As a result of the need to respond to the changing emphasis in the discipline of History to the critical analysis of alternative perspectives on events in history, I needed to identify a teaching and learning approach that would support such a change for future teachers. Transformative learning theory asserts that educators are committed to a practice that challenges students' uncritical acceptance of knowledge as fixed and true. This requires a fundamental re-thinking about the development of professional knowledge for teaching subjects in secondary schools.

In this paper, figure 1 and the brief extract from one of the interviews provide examples of the contribution of active experience, communicative learning and reflection to the development of subject matter knowledge. Through my study it became evident that opportunities for preservice students to discuss and clarify points of understanding about the disciplines that inform their professional knowledge enable their understandings about the very nature of the profession to be articulated and debated.

My prior experiences both as a secondary school teacher of History and as a tertiary educator affected my design of the subject. In particular, I held assumptions for the tertiary students. Based on my experiences and knowledge of the context in which I would be working with these future teachers, I believed that my approach was appropriate for them and that they would accept that I knew what was 'best for them'. What I found was that this responsibility held by teacher educators of determining and acting upon, a sense of knowing 'what is best', must be approached cautiously - and should indeed always be open to critical reflection. Groundwater-Smith (1992, p. 119) explains that 'the orientations and values of all those involved in educating teachers will influence the ways in which the preservice teacher perceives particular content areas'.

Originally I had intended that through a transformative approach I would lead my students to developing the 'same' understandings that I held about the best approach to teaching and learning about history. Fortunately, this did not occur. What did occur was much more valuable. Teaching transformatively led the student teachers to thinking as professionals by valuing the importance of continually seeking to articulate, clarify and justify their own personal purpose for knowing their subject and how this might influence their teaching it in particular ways. My own development as a teacher educator was also affected by my efforts to apply a transformative approach to learning subject matter. The important outcome of transformative learning is that each of us should come to develop a personally held and justified position on what constitutes the knowledge needed for teaching and learning History.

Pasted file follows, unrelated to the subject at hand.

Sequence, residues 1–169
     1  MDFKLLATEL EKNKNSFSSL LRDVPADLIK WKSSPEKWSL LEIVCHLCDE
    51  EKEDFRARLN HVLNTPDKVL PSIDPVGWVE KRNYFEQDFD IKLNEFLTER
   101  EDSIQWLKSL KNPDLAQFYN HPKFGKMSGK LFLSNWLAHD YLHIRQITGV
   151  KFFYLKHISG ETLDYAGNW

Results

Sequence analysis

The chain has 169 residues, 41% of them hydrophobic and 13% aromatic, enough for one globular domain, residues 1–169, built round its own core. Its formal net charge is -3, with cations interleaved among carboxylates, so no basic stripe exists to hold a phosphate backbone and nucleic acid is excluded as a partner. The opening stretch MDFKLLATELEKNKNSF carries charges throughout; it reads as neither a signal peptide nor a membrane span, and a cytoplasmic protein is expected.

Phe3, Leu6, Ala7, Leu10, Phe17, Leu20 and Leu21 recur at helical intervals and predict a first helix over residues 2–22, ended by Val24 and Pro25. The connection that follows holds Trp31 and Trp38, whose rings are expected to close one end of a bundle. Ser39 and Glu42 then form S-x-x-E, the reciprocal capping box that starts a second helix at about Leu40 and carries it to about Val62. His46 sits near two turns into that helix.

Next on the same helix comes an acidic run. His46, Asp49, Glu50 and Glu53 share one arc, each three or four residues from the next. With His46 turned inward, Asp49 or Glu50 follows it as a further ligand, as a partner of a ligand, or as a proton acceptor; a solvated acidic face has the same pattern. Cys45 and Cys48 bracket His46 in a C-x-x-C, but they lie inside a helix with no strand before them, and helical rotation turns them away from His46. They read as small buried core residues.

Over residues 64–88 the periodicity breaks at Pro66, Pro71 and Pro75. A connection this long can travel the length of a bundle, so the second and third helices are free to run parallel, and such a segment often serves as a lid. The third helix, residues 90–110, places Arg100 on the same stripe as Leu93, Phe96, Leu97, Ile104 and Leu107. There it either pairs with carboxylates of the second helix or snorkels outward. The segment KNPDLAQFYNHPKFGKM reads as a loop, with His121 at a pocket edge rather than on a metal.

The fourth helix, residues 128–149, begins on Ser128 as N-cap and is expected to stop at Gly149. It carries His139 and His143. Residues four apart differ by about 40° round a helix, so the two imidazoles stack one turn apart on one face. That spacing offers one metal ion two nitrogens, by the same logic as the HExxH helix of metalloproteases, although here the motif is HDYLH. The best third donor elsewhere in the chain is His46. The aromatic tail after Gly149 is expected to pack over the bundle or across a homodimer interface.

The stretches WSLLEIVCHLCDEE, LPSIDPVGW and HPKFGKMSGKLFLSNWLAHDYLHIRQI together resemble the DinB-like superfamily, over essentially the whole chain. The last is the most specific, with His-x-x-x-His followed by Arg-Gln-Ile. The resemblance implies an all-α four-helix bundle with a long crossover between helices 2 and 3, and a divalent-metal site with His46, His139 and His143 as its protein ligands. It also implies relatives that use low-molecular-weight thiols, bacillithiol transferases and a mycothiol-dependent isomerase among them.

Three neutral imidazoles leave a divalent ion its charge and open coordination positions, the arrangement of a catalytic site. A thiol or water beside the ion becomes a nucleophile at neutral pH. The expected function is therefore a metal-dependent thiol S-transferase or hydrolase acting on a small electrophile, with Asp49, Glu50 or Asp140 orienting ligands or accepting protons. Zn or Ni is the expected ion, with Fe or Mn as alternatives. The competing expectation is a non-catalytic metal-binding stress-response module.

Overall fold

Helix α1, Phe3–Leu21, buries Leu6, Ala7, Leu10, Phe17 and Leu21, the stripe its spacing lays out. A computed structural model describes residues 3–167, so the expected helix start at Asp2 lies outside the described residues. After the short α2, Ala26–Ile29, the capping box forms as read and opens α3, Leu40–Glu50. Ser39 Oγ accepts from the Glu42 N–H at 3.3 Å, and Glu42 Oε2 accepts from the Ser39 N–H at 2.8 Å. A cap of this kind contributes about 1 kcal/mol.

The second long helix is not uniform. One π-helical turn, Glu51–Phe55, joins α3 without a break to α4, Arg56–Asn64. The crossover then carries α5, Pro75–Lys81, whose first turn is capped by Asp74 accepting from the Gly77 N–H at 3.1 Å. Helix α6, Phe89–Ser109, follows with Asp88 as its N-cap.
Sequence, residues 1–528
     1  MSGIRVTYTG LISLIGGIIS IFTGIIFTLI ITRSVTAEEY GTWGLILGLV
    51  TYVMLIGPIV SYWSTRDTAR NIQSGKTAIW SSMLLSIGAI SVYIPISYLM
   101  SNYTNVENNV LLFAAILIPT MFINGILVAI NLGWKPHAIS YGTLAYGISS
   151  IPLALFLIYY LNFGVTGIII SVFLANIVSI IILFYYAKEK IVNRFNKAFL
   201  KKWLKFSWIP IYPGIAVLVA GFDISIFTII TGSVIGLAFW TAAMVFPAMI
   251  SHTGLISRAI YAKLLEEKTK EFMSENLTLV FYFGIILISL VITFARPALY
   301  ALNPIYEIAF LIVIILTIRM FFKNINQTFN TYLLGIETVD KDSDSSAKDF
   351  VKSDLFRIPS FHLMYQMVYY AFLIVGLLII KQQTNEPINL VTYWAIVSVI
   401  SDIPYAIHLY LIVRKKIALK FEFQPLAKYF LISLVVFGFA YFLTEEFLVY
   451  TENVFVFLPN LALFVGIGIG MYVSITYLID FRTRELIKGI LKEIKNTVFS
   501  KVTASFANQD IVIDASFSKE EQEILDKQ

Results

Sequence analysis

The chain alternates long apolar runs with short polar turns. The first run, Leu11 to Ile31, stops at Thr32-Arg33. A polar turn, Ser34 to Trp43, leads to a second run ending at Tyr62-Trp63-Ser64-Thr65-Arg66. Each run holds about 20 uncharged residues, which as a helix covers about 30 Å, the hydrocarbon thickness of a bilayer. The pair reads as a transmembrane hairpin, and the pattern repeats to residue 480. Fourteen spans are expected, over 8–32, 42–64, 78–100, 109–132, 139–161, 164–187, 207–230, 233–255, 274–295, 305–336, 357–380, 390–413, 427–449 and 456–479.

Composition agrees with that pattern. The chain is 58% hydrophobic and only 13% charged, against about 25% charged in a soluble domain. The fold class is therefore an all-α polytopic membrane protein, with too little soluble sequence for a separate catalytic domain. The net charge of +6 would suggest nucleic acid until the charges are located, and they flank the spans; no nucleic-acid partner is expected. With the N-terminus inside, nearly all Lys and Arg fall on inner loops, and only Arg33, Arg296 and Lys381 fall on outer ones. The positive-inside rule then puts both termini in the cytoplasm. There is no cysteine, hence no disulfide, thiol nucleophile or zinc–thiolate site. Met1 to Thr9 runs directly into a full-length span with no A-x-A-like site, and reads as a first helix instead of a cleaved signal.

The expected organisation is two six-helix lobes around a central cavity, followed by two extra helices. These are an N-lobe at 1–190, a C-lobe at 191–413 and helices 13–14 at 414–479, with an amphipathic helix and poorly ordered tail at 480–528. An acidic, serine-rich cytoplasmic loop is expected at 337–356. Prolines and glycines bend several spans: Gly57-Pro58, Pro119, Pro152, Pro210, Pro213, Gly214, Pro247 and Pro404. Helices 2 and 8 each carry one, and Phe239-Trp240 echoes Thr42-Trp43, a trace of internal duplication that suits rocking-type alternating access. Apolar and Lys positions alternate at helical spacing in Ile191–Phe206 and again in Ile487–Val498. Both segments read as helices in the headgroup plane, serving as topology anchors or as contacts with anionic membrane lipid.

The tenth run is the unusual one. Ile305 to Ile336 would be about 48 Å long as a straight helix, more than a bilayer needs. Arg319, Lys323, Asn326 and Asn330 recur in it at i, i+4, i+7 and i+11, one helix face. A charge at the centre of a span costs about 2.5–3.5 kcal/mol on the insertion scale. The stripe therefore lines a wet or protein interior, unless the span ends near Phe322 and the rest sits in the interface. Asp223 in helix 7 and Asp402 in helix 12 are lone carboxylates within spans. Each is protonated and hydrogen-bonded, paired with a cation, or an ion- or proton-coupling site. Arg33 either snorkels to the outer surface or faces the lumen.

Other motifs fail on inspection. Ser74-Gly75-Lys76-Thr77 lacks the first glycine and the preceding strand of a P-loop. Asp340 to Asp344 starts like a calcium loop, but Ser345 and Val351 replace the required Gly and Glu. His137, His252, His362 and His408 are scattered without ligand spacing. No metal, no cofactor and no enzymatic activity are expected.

There is little research available on tertiary educators' understandings of what informs their practice. In our campus classrooms where preparation of future professionals is occurring daily, that practice should be about change and growth. In my tertiary classrooms I found that the student teachers each interpreted their experiences of the subject differently. This was because each of them had different past experiences of schooling (as demonstrated in some of the comments in figure 1) and different personal intentions for becoming secondary school teachers. It was also because of our different perceptions of studying in a tertiary institution. Through transformation theory, I suggest that a pedagogy can be developed to take account of the complex context that these three factors - past experiences, future intentions and personal perceptions of institutional purpose - create to move learners towards developing as professionals willing to examine and change established practice.

To investigate the interpretations of experiences and circumstances of other educators involved in the development of subject matter knowledge and to document these would be useful for the professional development of both secondary school teachers and tertiary educators. Studies of tertiary practice for the development of other professionals - such as in medicine and law - would contribute further to our understandings of specific tertiary practice that transforms the disciplines for professionally specific knowledge.


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Author details: Dr Cheryl Sim is a Lecturer in the Faculty of Education, Griffith University, Brisbane, Queensland. She is also currently the Deputy Director of the Centre for Leadership and Management in Education. She teaches within the secondary teacher education programs, particularly social science curriculum. Her research interests include teachers' subject matter knowledge, curriculum leadership and school-based teacher education.

Please cite as: Sim, C. (2001). Transforming the subject: A case study of subject matter preparation in teacher education. Queensland Journal of Educational Research, 17(1), 29-47. http://education.curtin.edu.au/iier/qjer/qjer17/sim.html